Totally, yeah. So there is a cost to saying yes to an interview that women and especially women of colour or anyone non-binary or trans might experience that, you know, a male source would not. There are lots of reasons why this skew exists then. And I think you can react to that in two ways. One common way that I’ve seen is people saying, “well, it’s not the journalist’s fault. You know, there’s all these reasons out there. I’m just doing my best and trying to pick quote unquote, the best people and here is what I get.” And my view is, well, no. Like, it’s our job to try and adjust for these factors. Like if it is true — and I have found this a little bit in my work that on average — it is harder to get a female source to say yes to an interview than a male source, then the solution to that is… you just ask more women, right? Like you then overweight your requests, knowing that this is the case. Because otherwise, you’re just like throwing your hands up and capitulating to the same social dynamics that landed us in this unenviable position in the first place.
And that’s something I wanted really to ask you about. What are the actual concrete steps that you started taking to make your reporting more representative and to manage to have these voices?
The most important step was just tracking the data. Like in a very regular, frequent, rigorous way. And that makes it sound like, you know, more complicated than it actually was, I just had a very, very, very simple Excel spreadsheet. Like every story, I wrote down the number of men and women who I contacted for a comment or for a quote, the number of people who got back to me and were featured in the actual story. I think I also had a column for what proportion were people of colour. Like, I’ve seen a lot of like outfits do this in a much, much better and systematic way. You know, that also includes like, you know, whether people are disabled, gender identification, sexual orientation… There’s a lot of lots of axes you can do this for. But mine was just super simple. And all that did was give me a huge amount of accountability. Like I could see, am I actually still like hovering at 25%? Or am I making progress? And if I’m making progress, am I losing progress from month to month? Or am I stable? And like, I think if you do this for a few, like for me, I think at least a year and maybe more, then it just becomes automatic. I ended up stopping the tally like midway through my pandemic reporting, just because I like I ran out of time and energy. But I can tell you I know what the stats were at the start of the pandemic reporting, I can tell you that this stayed the same for the rest of it, because like, I now know what it feels like to have more equitable reporting.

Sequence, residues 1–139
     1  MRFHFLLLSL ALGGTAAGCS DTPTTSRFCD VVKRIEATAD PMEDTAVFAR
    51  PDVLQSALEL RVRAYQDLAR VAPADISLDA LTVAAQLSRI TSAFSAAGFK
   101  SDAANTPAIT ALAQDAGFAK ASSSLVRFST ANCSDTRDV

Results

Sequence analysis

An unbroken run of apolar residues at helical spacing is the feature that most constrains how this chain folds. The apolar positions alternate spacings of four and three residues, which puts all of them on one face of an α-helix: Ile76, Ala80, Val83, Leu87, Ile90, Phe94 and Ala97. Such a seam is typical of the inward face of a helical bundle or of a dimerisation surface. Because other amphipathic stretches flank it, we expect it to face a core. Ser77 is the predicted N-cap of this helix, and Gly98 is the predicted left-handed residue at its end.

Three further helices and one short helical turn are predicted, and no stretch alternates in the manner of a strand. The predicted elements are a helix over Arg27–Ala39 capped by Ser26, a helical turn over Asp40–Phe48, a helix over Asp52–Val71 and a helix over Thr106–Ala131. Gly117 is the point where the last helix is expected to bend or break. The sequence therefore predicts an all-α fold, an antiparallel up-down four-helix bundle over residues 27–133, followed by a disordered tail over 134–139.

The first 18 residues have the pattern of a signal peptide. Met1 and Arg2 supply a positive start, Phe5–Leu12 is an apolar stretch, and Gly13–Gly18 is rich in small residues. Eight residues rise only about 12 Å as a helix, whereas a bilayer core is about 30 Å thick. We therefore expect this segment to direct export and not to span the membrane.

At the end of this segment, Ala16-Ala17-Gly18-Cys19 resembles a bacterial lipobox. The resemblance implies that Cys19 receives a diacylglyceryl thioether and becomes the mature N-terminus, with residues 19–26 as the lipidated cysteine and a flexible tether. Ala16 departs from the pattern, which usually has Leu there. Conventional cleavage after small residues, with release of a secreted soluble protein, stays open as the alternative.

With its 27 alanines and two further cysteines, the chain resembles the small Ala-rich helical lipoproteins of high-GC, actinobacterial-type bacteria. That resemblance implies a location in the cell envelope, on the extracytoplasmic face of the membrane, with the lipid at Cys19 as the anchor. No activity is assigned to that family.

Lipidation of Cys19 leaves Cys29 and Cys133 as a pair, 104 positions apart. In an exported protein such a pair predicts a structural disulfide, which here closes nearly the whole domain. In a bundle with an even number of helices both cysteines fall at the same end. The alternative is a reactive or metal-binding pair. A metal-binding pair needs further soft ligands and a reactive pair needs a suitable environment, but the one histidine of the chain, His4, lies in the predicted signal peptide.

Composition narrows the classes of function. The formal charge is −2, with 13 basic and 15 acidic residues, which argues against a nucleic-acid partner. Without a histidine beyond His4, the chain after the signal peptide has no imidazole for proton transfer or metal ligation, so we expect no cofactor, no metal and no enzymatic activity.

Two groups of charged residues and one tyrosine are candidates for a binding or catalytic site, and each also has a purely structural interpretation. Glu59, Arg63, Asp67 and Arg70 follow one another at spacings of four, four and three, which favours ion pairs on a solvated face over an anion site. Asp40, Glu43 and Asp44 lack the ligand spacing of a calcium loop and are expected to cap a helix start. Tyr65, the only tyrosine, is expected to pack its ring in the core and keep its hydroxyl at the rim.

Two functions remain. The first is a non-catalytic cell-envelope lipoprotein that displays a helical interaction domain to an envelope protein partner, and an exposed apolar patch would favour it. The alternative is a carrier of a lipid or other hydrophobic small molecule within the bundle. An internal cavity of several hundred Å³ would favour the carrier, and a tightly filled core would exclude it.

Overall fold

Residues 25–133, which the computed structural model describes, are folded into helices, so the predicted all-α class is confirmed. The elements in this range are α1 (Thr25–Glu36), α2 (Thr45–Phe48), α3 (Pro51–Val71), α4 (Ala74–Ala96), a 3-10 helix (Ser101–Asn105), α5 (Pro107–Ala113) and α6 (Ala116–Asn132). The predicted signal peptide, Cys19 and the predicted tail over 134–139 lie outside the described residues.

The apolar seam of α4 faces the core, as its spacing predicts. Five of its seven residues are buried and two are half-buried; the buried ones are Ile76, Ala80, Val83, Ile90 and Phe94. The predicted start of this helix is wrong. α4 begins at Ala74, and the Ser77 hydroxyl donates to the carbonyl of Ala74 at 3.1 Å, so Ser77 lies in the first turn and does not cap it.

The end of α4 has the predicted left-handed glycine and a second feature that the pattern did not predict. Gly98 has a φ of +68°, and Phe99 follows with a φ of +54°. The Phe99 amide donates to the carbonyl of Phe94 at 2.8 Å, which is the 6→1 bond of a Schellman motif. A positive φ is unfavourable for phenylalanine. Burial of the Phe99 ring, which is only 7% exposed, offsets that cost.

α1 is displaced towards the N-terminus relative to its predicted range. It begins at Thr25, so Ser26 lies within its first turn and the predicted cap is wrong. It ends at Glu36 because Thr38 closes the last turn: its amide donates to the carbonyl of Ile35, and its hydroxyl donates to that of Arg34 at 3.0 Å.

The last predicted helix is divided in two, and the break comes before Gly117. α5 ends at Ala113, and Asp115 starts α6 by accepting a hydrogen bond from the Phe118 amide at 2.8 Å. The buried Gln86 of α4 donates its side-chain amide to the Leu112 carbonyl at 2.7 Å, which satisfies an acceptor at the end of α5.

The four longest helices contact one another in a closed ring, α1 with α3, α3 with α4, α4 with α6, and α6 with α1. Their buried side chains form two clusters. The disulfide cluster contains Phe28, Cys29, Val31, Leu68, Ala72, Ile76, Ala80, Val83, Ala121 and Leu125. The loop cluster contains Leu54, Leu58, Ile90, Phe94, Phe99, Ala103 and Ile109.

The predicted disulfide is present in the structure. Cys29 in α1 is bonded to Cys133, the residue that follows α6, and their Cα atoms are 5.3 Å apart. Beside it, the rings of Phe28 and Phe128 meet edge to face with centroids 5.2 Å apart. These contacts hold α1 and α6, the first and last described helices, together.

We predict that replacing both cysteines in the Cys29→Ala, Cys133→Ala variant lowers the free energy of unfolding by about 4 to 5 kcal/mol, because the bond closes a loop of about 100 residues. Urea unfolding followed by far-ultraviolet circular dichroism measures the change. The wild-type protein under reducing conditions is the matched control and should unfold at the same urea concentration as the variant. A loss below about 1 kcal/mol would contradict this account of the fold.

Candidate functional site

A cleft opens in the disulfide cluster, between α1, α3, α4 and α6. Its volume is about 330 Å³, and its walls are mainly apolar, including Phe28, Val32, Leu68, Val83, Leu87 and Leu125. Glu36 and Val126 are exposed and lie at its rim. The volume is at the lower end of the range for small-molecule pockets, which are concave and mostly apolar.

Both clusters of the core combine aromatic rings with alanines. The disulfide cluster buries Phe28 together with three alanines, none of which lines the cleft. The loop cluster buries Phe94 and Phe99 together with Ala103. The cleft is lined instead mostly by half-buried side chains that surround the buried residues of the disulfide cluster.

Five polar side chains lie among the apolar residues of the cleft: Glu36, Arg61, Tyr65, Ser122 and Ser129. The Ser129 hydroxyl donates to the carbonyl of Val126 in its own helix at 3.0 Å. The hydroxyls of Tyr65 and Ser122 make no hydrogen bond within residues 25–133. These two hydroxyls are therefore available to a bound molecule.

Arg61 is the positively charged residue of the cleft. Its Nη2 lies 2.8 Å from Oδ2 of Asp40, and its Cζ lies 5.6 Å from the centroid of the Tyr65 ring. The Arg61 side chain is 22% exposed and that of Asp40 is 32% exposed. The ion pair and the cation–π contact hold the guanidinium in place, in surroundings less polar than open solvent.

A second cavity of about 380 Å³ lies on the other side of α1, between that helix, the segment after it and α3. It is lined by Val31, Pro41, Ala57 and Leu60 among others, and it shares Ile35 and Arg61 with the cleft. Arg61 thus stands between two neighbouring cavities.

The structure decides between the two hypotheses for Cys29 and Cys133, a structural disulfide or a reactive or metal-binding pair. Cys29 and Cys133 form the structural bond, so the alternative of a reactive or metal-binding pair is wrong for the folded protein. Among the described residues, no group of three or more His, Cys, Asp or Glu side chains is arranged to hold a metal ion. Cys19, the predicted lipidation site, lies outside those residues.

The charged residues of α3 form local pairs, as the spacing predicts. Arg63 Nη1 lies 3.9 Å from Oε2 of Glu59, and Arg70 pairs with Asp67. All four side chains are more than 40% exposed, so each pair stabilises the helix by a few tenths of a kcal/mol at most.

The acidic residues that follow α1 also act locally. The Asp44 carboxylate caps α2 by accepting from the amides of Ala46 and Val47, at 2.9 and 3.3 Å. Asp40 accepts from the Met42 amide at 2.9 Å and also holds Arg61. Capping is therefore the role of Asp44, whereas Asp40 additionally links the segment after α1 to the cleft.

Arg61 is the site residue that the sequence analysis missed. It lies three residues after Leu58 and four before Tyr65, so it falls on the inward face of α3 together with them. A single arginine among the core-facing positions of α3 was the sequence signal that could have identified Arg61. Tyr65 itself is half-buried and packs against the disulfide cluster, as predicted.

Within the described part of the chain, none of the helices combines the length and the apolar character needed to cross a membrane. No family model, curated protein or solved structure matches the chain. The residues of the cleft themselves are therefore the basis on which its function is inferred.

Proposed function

So that’s one thing, just like actually keeping an eye on the numbers. But then the other was just simple, which was just trying to find more people, find more women, find more people of colour. Sometimes it’s easy. Sometimes it takes a little bit more work. You know, there are very niche subfields that I write about sometimes where there actually aren’t that many women who work in the space. But like all the techniques that I use to find sources are the same. You know, I’m just deploying them. I’m just doing the same search, but a little more. You know, I’m not just like doing a Google search and contacting everyone who turns up on the first page, I’m going to go to like, the third page or the fourth page. But it was interesting to me how that it definitely took more time. But it didn’t take like that much more time. You know, it was the matter of spending like an extra half an hour on a piece. And I think the results are well worth it.